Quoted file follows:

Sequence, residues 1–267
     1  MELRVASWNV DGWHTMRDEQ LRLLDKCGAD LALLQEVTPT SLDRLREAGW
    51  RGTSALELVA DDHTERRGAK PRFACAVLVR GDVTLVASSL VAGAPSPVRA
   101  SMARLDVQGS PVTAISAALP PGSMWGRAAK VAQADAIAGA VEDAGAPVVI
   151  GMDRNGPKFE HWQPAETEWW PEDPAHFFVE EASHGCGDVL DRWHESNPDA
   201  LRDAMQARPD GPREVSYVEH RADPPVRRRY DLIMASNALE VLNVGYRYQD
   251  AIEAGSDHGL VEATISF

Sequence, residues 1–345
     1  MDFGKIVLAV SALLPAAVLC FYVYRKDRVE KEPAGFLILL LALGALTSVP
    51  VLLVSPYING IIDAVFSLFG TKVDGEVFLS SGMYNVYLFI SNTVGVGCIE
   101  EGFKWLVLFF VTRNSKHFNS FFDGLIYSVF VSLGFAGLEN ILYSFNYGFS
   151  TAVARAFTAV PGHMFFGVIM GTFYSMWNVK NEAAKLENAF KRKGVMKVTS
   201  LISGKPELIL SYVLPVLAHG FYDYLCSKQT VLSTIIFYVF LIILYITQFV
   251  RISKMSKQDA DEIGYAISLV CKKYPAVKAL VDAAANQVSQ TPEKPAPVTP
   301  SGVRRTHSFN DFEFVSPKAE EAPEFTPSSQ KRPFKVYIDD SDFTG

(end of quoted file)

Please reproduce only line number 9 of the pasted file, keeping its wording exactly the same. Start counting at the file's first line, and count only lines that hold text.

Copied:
     1  MDFGKIVLAV SALLPAAVLC FYVYRKDRVE KEPAGFLILL LALGALTSVP